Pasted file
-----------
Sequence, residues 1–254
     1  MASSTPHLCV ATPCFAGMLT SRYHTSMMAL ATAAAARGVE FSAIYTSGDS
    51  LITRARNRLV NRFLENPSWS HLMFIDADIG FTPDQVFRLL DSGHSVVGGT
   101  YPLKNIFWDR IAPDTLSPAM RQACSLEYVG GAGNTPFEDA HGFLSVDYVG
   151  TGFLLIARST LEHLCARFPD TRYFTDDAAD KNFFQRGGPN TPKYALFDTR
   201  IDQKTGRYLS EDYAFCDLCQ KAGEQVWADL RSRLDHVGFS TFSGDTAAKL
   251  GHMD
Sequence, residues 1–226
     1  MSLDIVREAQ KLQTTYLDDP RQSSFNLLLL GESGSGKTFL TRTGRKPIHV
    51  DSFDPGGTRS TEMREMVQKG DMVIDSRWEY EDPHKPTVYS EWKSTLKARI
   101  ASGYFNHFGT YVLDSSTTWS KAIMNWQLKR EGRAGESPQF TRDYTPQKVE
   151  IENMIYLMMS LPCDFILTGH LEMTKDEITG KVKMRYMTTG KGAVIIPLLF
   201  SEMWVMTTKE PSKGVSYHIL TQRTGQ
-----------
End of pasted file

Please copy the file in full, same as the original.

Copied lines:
Sequence, residues 1–254
     1  MASSTPHLCV ATPCFAGMLT SRYHTSMMAL ATAAAARGVE FSAIYTSGDS
    51  LITRARNRLV NRFLENPSWS HLMFIDADIG FTPDQVFRLL DSGHSVVGGT
   101  YPLKNIFWDR IAPDTLSPAM RQACSLEYVG GAGNTPFEDA HGFLSVDYVG
   151  TGFLLIARST LEHLCARFPD TRYFTDDAAD KNFFQRGGPN TPKYALFDTR
   201  IDQKTGRYLS EDYAFCDLCQ KAGEQVWADL RSRLDHVGFS TFSGDTAAKL
   251  GHMD
Sequence, residues 1–226
     1  MSLDIVREAQ KLQTTYLDDP RQSSFNLLLL GESGSGKTFL TRTGRKPIHV
    51  DSFDPGGTRS TEMREMVQKG DMVIDSRWEY EDPHKPTVYS EWKSTLKARI
   101  ASGYFNHFGT YVLDSSTTWS KAIMNWQLKR EGRAGESPQF TRDYTPQKVE
   151  IENMIYLMMS LPCDFILTGH LEMTKDEITG KVKMRYMTTG KGAVIIPLLF
   201  SEMWVMTTKE PSKGVSYHIL TQRTGQ